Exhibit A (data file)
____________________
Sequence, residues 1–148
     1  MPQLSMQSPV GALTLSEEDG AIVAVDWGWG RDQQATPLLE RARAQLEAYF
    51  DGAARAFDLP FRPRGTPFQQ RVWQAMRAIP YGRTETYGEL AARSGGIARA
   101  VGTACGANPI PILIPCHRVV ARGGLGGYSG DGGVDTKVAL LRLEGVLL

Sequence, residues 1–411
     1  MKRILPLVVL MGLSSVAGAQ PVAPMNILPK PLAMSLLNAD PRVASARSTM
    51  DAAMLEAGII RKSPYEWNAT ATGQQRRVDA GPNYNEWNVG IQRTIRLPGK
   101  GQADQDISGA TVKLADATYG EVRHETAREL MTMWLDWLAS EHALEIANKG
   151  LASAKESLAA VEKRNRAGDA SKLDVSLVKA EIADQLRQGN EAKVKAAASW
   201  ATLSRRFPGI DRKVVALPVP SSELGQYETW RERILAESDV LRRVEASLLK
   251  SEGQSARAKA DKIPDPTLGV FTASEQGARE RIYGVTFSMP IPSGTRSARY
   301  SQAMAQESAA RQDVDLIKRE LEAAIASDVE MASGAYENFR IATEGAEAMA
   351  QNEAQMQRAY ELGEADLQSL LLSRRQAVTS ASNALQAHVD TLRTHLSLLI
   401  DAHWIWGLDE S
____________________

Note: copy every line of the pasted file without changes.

Sequence, residues 1–148
     1  MPQLSMQSPV GALTLSEEDG AIVAVDWGWG RDQQATPLLE RARAQLEAYF
    51  DGAARAFDLP FRPRGTPFQQ RVWQAMRAIP YGRTETYGEL AARSGGIARA
   101  VGTACGANPI PILIPCHRVV ARGGLGGYSG DGGVDTKVAL LRLEGVLL

Sequence, residues 1–411
     1  MKRILPLVVL MGLSSVAGAQ PVAPMNILPK PLAMSLLNAD PRVASARSTM
    51  DAAMLEAGII RKSPYEWNAT ATGQQRRVDA GPNYNEWNVG IQRTIRLPGK
   101  GQADQDISGA TVKLADATYG EVRHETAREL MTMWLDWLAS EHALEIANKG
   151  LASAKESLAA VEKRNRAGDA SKLDVSLVKA EIADQLRQGN EAKVKAAASW
   201  ATLSRRFPGI DRKVVALPVP SSELGQYETW RERILAESDV LRRVEASLLK
   251  SEGQSARAKA DKIPDPTLGV FTASEQGARE RIYGVTFSMP IPSGTRSARY
   301  SQAMAQESAA RQDVDLIKRE LEAAIASDVE MASGAYENFR IATEGAEAMA
   351  QNEAQMQRAY ELGEADLQSL LLSRRQAVTS ASNALQAHVD TLRTHLSLLI
   401  DAHWIWGLDE S